Cognitively Intact and Happy Life Expectancy in the United States

Anthony R. Bardo, Scott M. Lynch

Research output: Contribution to journalArticlepeer-review

8 Scopus citations


Objectives: We examined the number of years to be lived with and without cognitive impairment and with high self-assessed quality of life (i.e., happiness) among a nationally representative sample of Americans aged 65 years and older. Two key questions are addressed: Can people have a high quality of life despite being cognitively impaired? Which is longer: happy life expectancy or cognitively intact life expectancy? Method: Data from nine waves of the Health and Retirement Study (1998-2014) were used to estimate transition probabilities into and out of cognitively intact/impaired-un/happy states, as well as to death. Recently extended Bayesian multistate life table methods were used to estimate age-specific cognitively intact and happy life expectancy net of sex, race/ethnicity, education, and birth cohort. Results: Happiness and cognitive impairment were shown to coexist in both the gross cross-tabulated data and in the life tables. Happy life expectancy is approximately 25% longer than cognitively intact life expectancy at age 65 years, and by age 85, happy life expectancy is roughly double cognitively intact life expectancy, on average. Discussion: Lack of cognitive impairment is not a necessary condition for happiness. In other words, people can have a high quality of life despite being cognitively impaired.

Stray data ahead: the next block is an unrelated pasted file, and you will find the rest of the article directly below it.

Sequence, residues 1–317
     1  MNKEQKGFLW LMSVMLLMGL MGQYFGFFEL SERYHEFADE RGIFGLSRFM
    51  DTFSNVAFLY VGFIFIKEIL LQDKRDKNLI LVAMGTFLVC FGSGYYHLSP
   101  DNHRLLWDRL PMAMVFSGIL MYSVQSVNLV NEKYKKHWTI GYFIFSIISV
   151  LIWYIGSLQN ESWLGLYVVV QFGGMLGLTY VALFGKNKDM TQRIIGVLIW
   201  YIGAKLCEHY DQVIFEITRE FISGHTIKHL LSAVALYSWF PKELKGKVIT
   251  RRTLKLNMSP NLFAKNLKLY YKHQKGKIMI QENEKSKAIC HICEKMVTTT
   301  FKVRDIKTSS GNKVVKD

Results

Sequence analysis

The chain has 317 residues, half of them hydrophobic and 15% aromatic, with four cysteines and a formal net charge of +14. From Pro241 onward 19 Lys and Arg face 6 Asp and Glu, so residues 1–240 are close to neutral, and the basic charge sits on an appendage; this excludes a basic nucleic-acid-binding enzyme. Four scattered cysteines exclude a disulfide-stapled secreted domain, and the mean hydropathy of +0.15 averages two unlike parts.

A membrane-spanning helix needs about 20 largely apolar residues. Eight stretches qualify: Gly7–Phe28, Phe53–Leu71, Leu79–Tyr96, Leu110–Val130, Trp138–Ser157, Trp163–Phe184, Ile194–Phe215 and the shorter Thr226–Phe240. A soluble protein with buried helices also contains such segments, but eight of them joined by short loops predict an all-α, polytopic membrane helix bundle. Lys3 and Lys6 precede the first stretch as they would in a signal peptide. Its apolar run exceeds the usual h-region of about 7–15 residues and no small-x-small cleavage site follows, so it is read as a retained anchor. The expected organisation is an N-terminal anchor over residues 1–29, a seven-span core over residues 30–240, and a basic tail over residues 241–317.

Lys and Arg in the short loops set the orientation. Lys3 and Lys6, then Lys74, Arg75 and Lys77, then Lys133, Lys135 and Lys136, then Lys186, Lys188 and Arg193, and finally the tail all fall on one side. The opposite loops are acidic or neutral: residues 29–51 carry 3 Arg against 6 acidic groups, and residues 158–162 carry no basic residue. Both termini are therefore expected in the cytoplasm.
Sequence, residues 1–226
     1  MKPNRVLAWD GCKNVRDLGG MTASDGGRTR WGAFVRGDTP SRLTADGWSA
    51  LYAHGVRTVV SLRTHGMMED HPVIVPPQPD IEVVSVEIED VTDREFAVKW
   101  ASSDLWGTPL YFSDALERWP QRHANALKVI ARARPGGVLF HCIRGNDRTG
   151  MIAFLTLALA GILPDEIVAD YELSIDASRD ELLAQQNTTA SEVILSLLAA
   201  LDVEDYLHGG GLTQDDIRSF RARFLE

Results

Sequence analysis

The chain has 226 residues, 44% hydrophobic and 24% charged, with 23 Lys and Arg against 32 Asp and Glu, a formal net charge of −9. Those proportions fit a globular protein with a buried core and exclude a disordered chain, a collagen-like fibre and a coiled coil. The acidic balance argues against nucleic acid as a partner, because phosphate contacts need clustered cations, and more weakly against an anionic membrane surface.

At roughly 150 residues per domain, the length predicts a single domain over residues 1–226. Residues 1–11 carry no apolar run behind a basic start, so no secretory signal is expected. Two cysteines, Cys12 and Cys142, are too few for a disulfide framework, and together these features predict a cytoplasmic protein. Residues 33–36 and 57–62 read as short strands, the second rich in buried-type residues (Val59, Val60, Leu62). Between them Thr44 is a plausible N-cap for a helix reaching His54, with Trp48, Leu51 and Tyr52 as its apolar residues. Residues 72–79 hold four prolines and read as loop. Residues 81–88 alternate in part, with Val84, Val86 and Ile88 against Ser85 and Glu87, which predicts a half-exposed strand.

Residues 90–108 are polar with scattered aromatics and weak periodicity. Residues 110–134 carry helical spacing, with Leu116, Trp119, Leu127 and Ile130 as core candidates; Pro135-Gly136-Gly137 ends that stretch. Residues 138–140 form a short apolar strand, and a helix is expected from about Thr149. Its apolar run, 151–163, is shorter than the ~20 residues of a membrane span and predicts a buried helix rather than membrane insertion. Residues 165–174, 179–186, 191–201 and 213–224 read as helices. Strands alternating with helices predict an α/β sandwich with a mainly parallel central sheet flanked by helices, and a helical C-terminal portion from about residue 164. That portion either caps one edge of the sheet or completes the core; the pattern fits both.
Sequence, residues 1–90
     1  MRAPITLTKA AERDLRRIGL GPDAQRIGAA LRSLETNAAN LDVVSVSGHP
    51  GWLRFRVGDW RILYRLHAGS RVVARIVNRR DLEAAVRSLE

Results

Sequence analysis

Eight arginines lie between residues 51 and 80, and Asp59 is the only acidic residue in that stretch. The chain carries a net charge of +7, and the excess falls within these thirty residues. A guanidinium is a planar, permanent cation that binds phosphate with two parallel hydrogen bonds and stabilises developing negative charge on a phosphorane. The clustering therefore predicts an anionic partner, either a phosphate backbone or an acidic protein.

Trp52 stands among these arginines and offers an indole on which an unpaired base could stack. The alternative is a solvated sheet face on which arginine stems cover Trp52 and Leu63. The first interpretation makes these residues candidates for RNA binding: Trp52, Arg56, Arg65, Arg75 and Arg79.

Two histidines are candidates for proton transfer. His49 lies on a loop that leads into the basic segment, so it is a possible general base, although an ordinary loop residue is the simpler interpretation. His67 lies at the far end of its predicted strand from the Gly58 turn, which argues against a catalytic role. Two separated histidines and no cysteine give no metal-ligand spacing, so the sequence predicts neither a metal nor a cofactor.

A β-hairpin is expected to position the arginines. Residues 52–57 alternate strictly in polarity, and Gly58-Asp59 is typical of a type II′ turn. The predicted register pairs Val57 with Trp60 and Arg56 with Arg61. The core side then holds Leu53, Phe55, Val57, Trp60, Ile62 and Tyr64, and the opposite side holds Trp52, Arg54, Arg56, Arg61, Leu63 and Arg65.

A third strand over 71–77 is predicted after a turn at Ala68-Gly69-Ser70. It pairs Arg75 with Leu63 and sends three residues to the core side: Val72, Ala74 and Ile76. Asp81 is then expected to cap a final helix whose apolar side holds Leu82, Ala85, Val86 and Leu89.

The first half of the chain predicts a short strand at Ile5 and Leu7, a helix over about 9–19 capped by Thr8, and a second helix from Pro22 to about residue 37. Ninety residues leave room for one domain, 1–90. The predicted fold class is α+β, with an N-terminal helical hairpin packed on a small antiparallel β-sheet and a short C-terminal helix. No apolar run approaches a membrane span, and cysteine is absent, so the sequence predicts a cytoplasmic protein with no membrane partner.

Original languageEnglish
Pages (from-to)242-251
Number of pages10
JournalJournals of Gerontology - Series B Psychological Sciences and Social Sciences
Issue number2
StatePublished - Feb 1 2021

Bibliographical note

Publisher Copyright:
© 2019 The Author(s) 2019. Published by Oxford University Press on behalf of The Gerontological Society of America. All rights reserved. For permissions, please e-mail:


  • Cognitive impairment
  • Health and Retirement Study
  • Mortality
  • Quality of life
  • Subjective well-being

ASJC Scopus subject areas

  • Health(social science)
  • Sociology and Political Science
  • Life-span and Life-course Studies


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